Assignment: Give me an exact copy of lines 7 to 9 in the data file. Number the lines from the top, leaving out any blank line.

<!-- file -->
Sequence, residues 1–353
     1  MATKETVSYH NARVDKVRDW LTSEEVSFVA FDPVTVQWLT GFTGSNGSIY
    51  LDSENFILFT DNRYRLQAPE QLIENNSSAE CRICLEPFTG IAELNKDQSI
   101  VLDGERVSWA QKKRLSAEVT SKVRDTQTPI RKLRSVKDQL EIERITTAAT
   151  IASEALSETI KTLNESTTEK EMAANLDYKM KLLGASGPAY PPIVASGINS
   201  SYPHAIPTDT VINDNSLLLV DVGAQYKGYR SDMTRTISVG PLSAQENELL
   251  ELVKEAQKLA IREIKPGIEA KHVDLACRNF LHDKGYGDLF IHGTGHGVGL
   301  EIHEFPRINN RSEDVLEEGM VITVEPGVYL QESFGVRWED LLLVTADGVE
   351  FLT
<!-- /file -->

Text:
   251  ELVKEAQKLA IREIKPGIEA KHVDLACRNF LHDKGYGDLF IHGTGHGVGL
   301  EIHEFPRINN RSEDVLEEGM VITVEPGVYL QESFGVRWED LLLVTADGVE
   351  FLT